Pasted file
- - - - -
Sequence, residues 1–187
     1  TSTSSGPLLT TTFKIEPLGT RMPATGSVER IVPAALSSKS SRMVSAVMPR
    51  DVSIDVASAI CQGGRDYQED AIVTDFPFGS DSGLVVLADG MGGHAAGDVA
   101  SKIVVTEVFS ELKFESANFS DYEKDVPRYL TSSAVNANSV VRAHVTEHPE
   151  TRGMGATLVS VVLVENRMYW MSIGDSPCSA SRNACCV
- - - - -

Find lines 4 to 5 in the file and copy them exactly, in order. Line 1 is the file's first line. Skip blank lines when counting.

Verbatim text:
   101  SKIVVTEVFS ELKFESANFS DYEKDVPRYL TSSAVNANSV VRAHVTEHPE
   151  TRGMGATLVS VVLVENRMYW MSIGDSPCSA SRNACCV